Summer of C.S. Lewis: Final Thoughts

Well, I met my goal: four books in four months. One old, three new. Perhaps I cheated a little at the end, choosing a work of fiction that I had not originally planned on, but as it turned out to be the one with the biggest spiritual impact, perhaps that was for the best. This summer I also read aloud (to my daughter) several books by Noel Streatfeild (Ballet Shoes, Movie Shoes, Theatre Shoes) all written around the same time (1940s England). So much reading done in the language of that time period begins to rub off on me and I think I began to think in the more formal word patterns. As I’ve said before, I’m interested in time periods related to my parents’ childhood, so it has been enjoyable. My daughter and I also encountered new vocabulary words and had many discussions about rationing, coupons, and making do.

I talked to a friend about Lewis and she said he was too much of a cynic for her taste. What does it say about me that I enjoy his work? For me, his cynicism is what makes him so good. He relates to other cynics and meets their arguments head on. I liked his logical and methodical arguments rather than preachiness, progressing from point to point, mostly in an interesting and entertaining manner.   Lewis often uses unusual comparisons or creative examples, and in the case of Screwtape, turns everything up on its head. You may not always agree with everything he writes, but if it gets you thinking about what and why you believe or think what you do, then I think he has accomplished something.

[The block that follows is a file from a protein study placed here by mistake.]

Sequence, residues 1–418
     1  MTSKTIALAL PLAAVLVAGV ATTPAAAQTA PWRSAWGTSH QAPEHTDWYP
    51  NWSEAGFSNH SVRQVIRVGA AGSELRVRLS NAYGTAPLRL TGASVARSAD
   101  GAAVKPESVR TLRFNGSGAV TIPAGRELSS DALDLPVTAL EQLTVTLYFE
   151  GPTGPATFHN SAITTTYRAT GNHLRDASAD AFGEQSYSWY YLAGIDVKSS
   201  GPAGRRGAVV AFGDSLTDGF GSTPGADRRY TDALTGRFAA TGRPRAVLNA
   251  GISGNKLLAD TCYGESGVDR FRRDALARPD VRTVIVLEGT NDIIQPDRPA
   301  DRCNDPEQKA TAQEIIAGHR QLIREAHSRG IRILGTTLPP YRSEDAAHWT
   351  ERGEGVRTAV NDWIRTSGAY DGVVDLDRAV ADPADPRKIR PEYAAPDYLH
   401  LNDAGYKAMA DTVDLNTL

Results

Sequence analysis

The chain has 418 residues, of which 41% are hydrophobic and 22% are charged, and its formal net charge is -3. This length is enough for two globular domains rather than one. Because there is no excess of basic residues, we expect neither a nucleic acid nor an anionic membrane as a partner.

The summer had its ups and downs, but overall it was a fun and positive experience to read and really think about Lewis’s books. I think I’m ready for Bible study to begin again. Revelation this year, so it may not get any easier.

About Katherine J. Scott

Welcome to my website and blog. I am a writer and librarian interested in historical fiction. My works in progress include a trilogy about a stonemason from Elizabethan England and a novel loosely based on the Hunt of the Unicorn Tapestries housed at the Cloisters in New York.
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